A chief executive officer (CEO) is the highest-ranking person in a company. They are ultimately responsible for making major corporate decisions. The CEO drives growth, increases profitability, and handles high-level strategic decisions. Most of the workforce will never become CEO of a corporation or even make it to the C-suite. But everyone can be the CEO of their career.American Recruiters executive staffing and recruiting

Emily Panek, founder of Optivity Now, believes if you have a specific aim and channel all your energy, determination, and every ounce of your effort toward achieving your goal, you will succeed.

Being your CEO is about taking responsibility for the outcomes of your choices. And science has proved that taking responsibility decreases fear, anxiety, and stress. The amygdala is the part of your brain that processes fear. Research shows that when you use blame rather than take responsibility, your body physically goes into a fight or flight mode — essentially, your self-image comes under attack, and it’s your job to protect it. Blame and praise are processed in different areas of the brain. Blame stems from the emotional side, and praise originates from the logical side of the brain. The result is that we believe good things happen by chance and bad things happen on purpose.

When you’re not in charge of your career path, your career is still going to evolve … you’re just not in charge of the outcome.

Recognize it’s a choice. At any time you can be your CEO. That’s exactly what Panek did. Here, she shares tips on how to take charge of your career:

1. Overcome the Habit of Delay.

Most of the time, we’re paralyzed by fear: What happens if…. And that’s not only fear of failure. It can be fear of making the wrong decision, fear of missing out (FOMO), and even fear of success. Fear of success prevents you from taking chances because you’re afraid of what comes with success once you achieve it.

Regardless, fear often creates a habit of not acting.

Panek says, “You will make mistakes, but it’s better than not doing anything at all.” She has found that acting — perseverance — is about having the courage to face failure along the way.

One way to reduce your fear is to hone in on your specialized knowledge. Panek calls this more than what you’ve learned. “It’s an art, a craft that you wield in the vast canvas of your career.” The way you do things is uniquely yours. It’s your secret sauce.

2. Learn to collaborate.

Collaboration is working with others to reach a common goal. Your career is yours, but great things can only come from collaborating with others. “No one person has all the skills, knowledge, or experience,” Panek says. Collaboration leads to new ideas, accountability, innovative solutions, effective problem-solving, and improved relationships. It’s about building a community of like-minded individuals who’ve got your back.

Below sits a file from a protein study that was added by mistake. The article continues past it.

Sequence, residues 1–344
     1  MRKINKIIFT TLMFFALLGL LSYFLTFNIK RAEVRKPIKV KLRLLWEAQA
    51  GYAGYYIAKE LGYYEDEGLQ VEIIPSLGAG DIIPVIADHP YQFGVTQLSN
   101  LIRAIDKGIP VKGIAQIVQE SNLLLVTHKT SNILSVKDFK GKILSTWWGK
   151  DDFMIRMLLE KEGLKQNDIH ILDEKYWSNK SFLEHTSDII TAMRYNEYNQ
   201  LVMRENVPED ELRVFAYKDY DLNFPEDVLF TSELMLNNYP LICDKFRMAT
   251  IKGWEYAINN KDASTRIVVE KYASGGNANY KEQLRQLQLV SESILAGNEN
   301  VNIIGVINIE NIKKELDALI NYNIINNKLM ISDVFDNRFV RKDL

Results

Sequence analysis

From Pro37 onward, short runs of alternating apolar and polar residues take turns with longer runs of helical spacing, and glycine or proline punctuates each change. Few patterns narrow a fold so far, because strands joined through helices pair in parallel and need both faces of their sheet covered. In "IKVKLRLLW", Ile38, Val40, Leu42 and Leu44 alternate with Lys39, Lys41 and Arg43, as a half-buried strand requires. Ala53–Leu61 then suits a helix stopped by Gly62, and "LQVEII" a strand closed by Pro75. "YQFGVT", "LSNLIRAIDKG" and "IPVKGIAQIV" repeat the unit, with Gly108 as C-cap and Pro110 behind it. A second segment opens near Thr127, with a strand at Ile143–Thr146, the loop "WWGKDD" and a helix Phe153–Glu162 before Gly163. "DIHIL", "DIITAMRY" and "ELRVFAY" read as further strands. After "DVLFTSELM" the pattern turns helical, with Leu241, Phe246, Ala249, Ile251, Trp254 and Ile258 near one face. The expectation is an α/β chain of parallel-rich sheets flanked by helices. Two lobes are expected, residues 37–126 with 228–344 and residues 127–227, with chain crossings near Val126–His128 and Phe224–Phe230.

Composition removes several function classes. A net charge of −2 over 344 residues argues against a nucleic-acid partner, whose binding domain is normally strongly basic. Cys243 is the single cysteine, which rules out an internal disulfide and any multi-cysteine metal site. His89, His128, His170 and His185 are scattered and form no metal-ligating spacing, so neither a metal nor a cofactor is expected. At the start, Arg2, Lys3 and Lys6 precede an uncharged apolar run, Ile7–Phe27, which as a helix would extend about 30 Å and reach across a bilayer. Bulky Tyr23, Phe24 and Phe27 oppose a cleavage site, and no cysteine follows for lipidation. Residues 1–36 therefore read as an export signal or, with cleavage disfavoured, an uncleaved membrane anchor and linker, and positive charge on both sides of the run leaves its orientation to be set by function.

Your career will take many twists and turns. As you hone your craft, whether you’re an engineer, copywriter, or doctor, the opportunities that open are as strong as your network — the people you collaborate with regularly. Surveys show that 79% of Americans believe that networking is vital to their career progression.

3. Exude self-confidence.

Panek has this to say about self-confidence: Embrace each day with the assurance of having given it your all. The only thing you can do is your best. Ideas morph into reality when fused with unyielding intent, relentless perseverance, and a fiery passion for their transformation into tangible achievements. Believe this for yourself.

Having confidence in yourself is part of having a successful career. Individuals who have it earn $28,000 more per year than those lacking self-confidence. Here are a few tips to boost your self-confidence:

  • Upskill. Take an online course or in-person seminar to bridge the gaps in your experience. Earn a skill badge on LinkedIn.
  • Step out of your comfort zone. Introduce yourself to someone new. Try something new. Or just switch up your normal routine.
  • Check off an item on your to-do list. It’s amazing how we talk to ourselves, especially when we’re not living up to our standards. Give yourself some kudos for checking something off your to-do list.

Panek says, “Empower yourself as the architect of your destiny.”

The CEO embodies not just a corporate title but a mindset—an attitude of ownership and responsibility. Becoming the CEO of your career demands focused determination and an unwavering commitment to personal growth, but you’re worth it and should want that success for yourself, your business, your colleagues and/or your career.

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